It was a time worth spent today at the Nikon Power Your Clicks workshop hearing India’s ace photographer Mr. Raghu Rai speak and the Nikon India team giving us a few tips on various aspects of photography. Nikon School regularly offers these workshops for amateur photographers but today’s was rather special for the presence of Mr. Rai.
Mr. Rai was here to speak about the nuances of art photography. He took us through a slideshow of his extensive work on the Bangladeshi refugees during the 1971 war and gave us insight to each photo, including sharing with us invaluable information like what lens he used to what his state of mind was while clicking each photo, what was the story behind.
Every word that a stalwart speaks are like precious gems, here’s are a few that I collected from Mr. Raghu Rai’s basket of wisdom:
- Everybody takes a pretty picture, but there’s is often no creativity in taking a pretty picture. Unless you add an element of expression, unless it tells a story
- Every small thing in a frame matters
- I have taken very few close ups, as they are easy to do, but the closeups that I have taken are in a context. Don’t just take the close up of a face with lots of wrinkles without a context.
- The body language carries expression, body language are very important
- Every photo don’t have to yell, feelings and emotions can be expressed quietly
- Real feel of a photo is in the print, please start printing your photos.
- You should be not be aggressive with your camera, become a part of the subject, in most of my photos you’d see nobody is looking at the camera, because they cannot see me, I’ve become their part. Be proper, mild to capture sensitive moments.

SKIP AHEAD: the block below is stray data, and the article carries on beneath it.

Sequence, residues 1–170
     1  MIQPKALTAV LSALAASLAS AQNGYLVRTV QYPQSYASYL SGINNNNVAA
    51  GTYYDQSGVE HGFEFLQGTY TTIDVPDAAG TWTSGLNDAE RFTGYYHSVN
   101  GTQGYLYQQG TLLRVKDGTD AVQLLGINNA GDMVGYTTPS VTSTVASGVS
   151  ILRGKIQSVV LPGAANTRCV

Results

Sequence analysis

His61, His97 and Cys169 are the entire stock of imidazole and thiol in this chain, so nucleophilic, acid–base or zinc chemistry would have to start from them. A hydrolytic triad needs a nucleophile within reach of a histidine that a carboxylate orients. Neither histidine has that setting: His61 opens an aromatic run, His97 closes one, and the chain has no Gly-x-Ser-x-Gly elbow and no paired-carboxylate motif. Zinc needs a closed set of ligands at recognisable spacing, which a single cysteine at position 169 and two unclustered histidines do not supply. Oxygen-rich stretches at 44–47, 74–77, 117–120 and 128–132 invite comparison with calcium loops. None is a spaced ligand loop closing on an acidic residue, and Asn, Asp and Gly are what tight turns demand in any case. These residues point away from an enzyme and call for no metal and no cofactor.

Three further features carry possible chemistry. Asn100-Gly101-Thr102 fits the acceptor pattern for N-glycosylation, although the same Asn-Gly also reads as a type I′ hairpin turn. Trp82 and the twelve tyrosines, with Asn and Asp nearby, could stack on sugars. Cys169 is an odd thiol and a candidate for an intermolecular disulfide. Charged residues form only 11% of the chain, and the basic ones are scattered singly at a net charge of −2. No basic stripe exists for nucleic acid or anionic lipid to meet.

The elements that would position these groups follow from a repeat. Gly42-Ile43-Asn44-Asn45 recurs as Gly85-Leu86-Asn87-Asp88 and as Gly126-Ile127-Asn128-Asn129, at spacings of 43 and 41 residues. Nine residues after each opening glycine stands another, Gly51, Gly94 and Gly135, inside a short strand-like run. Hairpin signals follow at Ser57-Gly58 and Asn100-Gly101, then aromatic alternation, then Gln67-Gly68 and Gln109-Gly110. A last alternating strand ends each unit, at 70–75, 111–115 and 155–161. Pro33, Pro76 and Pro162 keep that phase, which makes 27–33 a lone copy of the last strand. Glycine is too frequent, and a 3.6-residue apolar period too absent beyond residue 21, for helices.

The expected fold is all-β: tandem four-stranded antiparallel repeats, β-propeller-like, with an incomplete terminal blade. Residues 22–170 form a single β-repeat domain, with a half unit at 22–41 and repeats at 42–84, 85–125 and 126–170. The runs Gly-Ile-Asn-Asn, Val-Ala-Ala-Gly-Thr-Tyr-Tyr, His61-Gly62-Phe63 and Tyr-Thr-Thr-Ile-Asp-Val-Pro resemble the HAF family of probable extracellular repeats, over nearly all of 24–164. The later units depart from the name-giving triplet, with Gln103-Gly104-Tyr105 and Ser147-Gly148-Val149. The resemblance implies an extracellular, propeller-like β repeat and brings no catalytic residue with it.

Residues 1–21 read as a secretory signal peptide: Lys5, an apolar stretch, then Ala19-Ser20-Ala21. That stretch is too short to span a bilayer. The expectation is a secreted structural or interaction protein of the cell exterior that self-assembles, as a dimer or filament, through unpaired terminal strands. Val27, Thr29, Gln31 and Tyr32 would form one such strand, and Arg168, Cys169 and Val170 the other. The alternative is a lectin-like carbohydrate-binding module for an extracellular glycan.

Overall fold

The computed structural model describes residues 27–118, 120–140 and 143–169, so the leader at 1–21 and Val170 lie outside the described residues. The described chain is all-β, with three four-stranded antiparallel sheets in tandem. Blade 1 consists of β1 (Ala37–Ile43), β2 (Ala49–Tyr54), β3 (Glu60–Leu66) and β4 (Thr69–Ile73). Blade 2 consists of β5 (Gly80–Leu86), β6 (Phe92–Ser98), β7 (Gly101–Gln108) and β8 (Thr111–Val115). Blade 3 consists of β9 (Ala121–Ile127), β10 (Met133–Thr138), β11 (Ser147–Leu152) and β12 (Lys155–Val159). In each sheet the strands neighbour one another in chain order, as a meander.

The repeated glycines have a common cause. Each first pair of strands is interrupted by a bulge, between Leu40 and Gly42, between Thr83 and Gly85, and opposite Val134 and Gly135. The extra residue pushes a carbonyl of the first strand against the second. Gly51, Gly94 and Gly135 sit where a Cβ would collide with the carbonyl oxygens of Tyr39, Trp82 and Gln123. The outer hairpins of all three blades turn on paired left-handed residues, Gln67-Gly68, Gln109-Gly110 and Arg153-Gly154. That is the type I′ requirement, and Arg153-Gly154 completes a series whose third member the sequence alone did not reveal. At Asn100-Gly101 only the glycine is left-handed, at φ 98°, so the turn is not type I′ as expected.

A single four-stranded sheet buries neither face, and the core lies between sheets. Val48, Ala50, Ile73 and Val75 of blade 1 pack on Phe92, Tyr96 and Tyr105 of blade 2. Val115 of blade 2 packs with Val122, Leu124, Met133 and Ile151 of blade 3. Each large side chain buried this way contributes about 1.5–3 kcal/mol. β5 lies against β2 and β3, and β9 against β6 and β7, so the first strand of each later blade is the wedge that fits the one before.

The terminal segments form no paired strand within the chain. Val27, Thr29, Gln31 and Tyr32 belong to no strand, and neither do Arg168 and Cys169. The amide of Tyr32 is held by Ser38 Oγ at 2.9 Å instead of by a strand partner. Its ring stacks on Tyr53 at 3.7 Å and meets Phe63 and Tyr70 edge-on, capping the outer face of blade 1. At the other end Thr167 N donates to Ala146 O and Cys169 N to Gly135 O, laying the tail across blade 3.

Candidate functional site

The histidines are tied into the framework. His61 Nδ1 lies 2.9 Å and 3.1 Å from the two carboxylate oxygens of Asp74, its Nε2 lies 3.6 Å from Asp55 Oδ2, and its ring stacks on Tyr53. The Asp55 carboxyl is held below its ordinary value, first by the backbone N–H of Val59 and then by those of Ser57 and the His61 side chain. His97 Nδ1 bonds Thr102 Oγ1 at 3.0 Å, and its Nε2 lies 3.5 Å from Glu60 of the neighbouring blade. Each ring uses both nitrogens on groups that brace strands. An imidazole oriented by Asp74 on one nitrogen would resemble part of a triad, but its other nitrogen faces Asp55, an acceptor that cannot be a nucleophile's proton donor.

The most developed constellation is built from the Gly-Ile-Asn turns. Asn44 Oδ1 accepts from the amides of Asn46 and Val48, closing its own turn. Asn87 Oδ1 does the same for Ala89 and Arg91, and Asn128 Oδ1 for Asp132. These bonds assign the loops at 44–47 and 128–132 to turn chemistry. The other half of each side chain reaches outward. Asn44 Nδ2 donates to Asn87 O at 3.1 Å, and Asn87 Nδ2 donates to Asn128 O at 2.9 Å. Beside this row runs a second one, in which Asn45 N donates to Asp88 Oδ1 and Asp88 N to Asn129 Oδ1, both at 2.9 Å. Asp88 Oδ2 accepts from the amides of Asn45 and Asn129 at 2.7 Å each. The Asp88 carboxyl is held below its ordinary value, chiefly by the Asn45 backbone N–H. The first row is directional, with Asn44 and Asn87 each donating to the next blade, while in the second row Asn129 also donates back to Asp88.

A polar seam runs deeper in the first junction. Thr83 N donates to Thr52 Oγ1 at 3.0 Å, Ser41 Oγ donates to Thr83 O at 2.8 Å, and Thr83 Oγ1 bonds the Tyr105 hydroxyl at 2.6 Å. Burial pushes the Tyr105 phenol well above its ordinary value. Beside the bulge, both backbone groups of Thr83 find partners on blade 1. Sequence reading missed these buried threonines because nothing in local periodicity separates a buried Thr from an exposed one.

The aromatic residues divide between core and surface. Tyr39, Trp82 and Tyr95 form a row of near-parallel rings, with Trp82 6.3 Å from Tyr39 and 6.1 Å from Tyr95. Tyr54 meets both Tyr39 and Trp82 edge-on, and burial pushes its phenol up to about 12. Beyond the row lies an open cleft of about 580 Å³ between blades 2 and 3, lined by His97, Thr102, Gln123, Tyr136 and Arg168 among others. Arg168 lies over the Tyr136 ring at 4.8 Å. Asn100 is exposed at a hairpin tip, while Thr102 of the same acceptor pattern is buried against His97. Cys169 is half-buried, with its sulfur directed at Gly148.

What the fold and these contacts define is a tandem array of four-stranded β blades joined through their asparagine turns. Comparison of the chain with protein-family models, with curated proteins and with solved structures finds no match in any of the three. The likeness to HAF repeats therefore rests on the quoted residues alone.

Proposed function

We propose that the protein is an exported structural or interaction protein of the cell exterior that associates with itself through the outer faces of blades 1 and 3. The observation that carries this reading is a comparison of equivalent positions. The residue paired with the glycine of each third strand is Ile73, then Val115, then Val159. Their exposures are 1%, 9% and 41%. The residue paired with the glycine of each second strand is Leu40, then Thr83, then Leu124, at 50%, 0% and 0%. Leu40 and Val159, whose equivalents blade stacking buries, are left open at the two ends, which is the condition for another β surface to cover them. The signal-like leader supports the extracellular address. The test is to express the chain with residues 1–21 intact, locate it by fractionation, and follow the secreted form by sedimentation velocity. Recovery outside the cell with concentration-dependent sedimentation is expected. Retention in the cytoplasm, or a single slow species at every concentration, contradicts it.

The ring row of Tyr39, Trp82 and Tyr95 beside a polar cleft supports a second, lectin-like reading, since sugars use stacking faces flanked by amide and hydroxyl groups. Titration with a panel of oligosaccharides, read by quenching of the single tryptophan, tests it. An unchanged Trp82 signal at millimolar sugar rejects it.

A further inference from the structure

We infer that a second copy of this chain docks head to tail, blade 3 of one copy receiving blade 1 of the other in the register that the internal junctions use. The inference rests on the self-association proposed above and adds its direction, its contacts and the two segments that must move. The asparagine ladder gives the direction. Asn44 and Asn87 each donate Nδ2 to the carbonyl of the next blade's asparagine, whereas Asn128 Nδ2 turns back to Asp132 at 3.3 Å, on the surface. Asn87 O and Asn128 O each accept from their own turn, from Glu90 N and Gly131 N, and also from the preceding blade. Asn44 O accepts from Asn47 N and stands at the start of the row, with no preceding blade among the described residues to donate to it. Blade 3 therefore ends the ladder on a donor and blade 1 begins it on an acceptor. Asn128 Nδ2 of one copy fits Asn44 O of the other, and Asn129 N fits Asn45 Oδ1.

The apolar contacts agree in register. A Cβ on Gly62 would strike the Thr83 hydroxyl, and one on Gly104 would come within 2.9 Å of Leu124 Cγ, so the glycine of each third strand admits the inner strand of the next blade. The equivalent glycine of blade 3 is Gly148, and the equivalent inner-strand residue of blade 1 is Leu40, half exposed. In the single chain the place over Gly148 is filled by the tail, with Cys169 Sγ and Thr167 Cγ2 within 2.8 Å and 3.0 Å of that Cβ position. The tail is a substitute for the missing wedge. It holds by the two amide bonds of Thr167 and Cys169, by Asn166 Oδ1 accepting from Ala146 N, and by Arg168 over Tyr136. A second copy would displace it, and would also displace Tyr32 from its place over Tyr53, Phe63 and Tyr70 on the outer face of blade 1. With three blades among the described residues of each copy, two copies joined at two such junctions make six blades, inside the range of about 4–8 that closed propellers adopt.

- People photography is everything to me, I love people, the human energy, even in a landscape I’d prefer people.
- Fine art photography that I see is all rubbish, there’s no such thing as fine art photography
I couldn’t help clenching my eyebrows a little bit with disappointment on the last statement. I don’t think fine art photography should be labelled as rubbish, I think photography is an art, and art often has no definition. Nobody can judge what is a legitimate art and what is not.
The second session of the workshop was about technical aspects of advanced DSLR photography for which the Nikon India technical team was with us to guide us and help us learn HDR, time lapse and creative lighting. However, there was a bit of predictable disruption with workshop schedule and so the session had to be wrapped up in a hurry. Even then, I managed to gather some very relevant points about DSLR photography:
- The fundamental differences between shooting in RAW file format rather than JPEG and how it is a big myth that shooting in RAW is for the professionals and JPEG is for begginers. In fact it is quite the opposite, because when you shoot in RAW you leave yourself iwtih the scope of doing a whole lot with the photograph as ‘post processing’ in terms of correcting it or making it better than ‘as shot.’ If you are a professional you probably already know the best settings while taking your shot and so you won’t need so much of post processing and as such, a JPEG file would appear perfect.
- Creative lighting techniques were taught using the Nikon speed light flash and I thought the fact that it has a 360 revolving head is just awesome. The team also introduced the Capture NX software for photo editing.
The time constraint in the technical session left a few participants disappointed. But overall I thought it was a day well spent. The sessions were followed by lunch which happened at as late as 4 pm. Participants were handed a goody bag with Nikon booklets and a Nikon School cap.